News of the rapidly growing church in the northeast reached the mother church in the south. Some reports disturbed seasoned leaders - suggestions that disciples there had introduced innovations, and that the congregation had achieved a first for the church - a majority of members were from a different ethnic group which had a vastly different cultural background than most Christians.
The older church sent a trusted evangelist to investigate. This preacher would hear preaching. He would observe interaction between the various ethnic groups within the fellowship. He would notice differences - clothing, greetings, diet - that existed among the members of the burgeoning young church.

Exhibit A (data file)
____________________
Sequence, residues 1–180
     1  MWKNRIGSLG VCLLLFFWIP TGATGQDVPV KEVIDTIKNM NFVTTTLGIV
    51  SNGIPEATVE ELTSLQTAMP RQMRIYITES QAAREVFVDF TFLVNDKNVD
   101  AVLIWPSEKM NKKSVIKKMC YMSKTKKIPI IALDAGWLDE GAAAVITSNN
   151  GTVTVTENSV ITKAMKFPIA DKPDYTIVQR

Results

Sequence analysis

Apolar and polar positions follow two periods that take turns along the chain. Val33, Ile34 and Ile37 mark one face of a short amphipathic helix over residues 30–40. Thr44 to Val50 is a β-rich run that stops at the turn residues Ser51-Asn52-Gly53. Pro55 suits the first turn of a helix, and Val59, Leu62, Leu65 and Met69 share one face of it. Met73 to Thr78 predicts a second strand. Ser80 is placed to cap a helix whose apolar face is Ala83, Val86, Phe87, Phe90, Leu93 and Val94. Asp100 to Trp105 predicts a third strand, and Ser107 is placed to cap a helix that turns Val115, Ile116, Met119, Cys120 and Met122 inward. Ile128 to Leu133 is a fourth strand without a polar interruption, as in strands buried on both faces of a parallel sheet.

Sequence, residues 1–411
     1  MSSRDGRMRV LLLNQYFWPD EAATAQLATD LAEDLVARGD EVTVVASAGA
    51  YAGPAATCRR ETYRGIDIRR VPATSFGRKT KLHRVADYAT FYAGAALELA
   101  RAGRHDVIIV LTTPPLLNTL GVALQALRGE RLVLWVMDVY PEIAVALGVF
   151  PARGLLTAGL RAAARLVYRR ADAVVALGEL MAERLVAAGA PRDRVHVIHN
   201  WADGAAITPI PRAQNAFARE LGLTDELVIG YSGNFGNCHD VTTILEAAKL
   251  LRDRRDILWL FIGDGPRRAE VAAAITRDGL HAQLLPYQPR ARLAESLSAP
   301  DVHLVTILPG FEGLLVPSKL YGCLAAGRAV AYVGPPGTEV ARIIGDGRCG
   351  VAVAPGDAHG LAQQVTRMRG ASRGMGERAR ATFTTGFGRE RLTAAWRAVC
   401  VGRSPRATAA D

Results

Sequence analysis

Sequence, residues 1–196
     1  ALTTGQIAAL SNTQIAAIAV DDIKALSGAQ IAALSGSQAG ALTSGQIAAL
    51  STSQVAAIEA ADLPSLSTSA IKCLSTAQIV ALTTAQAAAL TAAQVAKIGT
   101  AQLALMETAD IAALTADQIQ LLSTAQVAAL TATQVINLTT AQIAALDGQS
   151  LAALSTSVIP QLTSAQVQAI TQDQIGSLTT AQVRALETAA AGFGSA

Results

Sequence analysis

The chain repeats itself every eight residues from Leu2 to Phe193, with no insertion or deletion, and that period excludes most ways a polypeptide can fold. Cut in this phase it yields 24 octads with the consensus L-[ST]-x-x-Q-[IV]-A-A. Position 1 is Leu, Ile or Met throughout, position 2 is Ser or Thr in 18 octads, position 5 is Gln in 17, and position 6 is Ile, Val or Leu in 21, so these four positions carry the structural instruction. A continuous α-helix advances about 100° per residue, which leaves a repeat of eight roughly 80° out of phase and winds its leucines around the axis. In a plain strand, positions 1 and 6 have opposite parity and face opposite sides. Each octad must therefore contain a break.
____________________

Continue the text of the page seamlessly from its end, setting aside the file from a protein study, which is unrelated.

The Bible records that Barnabas "saw the evidence of the grace of God" at Antioch (Acts 11). He approved, and he stayed to help these young disciples mature in faith. The church in Jerusalem would send other messengers; some would not like what they saw. Ultimately, however, spirit-led leaders like James, Peter, and Paul would join Barnabas in seeing the evidence of the grace of God in Antioch. That church in turn would sponsor the first extensive missionary forays into the Gentile world.
It's easy to criticize when one visits a new congregation. Subtle, and sometimes obvious, differences from home rattle and irritate us. It's harder, but much more exhilarating, to step back, take a deep breath, and probe for evidence of the grace of God.
Jesus and the apostles encouraged deliberate unity. Unity begins with looking for evidence of the grace of God.